This session covers techniques, ideas, formats, organization, and methods for teaching language that meet the needs of all types of learners. With these skills, educators are able to cover the language standards in any grade level. 

 Target Audience: K–12 ESOL teachers

Sharla Reynolds, Class not Chaos Consulting, McDonough, Georgia, USA

C. Transitioning Students With Limited/Interrupted Formal Education to Classroom Success

Students with limited or interrupted formal education (SLIFE) face multiple challenges, including learning how to engage in classroom tasks and school-based ways of thinking. The presenter examines key culturally responsive practices to help teachers leverage the strengths of SLIFE while transitioning them to the demands and expectations of classrooms in North America. 

Target Audience: ESOL teachers of secondary level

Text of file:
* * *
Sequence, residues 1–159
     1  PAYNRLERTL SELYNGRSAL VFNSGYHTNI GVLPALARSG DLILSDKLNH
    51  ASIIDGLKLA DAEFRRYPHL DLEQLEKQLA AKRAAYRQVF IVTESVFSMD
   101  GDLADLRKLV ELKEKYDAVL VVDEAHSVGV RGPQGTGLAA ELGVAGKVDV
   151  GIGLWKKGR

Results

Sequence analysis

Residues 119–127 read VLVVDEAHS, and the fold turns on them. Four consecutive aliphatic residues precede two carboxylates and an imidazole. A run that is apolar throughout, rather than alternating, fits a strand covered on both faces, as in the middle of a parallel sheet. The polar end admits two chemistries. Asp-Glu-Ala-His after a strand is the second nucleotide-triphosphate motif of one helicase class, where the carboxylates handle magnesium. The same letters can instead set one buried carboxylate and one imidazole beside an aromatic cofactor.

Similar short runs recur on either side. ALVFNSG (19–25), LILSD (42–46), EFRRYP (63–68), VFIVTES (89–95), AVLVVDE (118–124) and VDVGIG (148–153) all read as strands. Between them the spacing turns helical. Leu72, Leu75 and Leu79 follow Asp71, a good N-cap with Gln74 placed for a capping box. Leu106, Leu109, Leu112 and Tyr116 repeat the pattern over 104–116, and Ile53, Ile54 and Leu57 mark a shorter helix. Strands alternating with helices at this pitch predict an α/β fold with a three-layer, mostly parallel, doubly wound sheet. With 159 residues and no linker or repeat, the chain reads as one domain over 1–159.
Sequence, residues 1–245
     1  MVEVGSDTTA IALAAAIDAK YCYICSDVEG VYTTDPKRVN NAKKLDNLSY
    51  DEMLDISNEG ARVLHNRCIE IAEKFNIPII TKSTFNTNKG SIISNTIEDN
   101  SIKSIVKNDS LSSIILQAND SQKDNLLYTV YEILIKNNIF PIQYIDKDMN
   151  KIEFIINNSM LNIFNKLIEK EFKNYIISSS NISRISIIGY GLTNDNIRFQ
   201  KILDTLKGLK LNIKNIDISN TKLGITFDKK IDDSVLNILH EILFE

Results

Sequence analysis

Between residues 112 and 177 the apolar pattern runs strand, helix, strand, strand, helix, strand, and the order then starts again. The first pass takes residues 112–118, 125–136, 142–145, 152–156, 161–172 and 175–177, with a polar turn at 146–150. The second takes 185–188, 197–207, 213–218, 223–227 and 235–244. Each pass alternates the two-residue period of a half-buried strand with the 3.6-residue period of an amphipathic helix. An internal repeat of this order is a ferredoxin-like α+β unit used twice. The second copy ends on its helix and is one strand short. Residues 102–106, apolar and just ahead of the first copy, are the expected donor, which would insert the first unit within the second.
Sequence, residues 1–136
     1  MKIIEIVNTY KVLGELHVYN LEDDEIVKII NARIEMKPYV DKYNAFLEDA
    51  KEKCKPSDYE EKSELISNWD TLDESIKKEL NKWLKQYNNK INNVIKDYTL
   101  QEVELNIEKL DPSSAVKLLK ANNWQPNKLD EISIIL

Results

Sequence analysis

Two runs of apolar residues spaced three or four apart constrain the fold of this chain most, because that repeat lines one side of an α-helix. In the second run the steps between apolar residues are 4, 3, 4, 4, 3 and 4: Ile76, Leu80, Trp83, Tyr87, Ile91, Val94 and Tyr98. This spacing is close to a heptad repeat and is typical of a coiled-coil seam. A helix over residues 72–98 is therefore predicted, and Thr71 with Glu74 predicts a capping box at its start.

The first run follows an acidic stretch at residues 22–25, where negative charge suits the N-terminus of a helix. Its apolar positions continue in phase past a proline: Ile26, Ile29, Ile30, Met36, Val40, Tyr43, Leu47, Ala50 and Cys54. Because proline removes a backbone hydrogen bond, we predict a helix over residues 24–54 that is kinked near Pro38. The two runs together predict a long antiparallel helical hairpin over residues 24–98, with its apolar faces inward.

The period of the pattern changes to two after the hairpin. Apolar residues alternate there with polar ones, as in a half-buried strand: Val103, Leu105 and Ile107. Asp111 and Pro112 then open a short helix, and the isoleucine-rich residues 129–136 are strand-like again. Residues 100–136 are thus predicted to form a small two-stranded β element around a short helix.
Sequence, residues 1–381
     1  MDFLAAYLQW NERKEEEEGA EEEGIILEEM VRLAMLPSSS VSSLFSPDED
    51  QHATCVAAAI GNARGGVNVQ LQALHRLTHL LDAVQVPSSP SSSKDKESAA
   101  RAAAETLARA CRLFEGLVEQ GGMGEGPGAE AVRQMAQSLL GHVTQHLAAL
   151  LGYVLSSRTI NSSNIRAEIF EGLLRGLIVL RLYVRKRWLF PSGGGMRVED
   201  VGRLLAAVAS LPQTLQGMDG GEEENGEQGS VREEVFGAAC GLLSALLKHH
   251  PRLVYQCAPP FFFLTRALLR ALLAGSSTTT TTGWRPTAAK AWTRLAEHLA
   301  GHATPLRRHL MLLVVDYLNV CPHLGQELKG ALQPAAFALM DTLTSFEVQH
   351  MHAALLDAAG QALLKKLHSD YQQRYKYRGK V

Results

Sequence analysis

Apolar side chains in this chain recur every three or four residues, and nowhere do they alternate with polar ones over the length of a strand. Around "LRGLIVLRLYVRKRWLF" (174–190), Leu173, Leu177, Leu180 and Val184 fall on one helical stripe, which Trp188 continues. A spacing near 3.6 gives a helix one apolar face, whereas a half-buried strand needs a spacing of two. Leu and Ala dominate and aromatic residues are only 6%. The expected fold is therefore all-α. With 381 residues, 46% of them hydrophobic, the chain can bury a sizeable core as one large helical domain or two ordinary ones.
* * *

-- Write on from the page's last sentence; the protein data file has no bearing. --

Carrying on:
Andrea DeCapua, University of North Florida, Tampa, Florida, USA

D. Standards-Based Assessment for ESL/EFL Learners

In this session, the speaker provides practical insights on how to create standards-based assessments and apply them in the classroom. The speaker engages participants in a hands-on workshop, using examples of assessment methods, instruments, language sampling techniques, and resources that can help ensure compliance with standards and accreditation.

Target Audience: All PreK–12 educators

Leonardo A. Mercado, Caprica Education, Stockbridge, Georgia, USA

E. Strengthening Communities Through Dual Immersion Programming